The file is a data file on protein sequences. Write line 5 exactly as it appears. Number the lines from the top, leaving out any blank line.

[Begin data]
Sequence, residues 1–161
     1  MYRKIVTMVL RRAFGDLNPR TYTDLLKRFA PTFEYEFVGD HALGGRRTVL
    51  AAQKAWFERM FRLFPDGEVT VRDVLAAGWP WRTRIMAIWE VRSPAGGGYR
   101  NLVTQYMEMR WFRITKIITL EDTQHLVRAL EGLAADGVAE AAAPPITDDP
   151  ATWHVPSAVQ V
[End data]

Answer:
   151  ATWHVPSAVQ V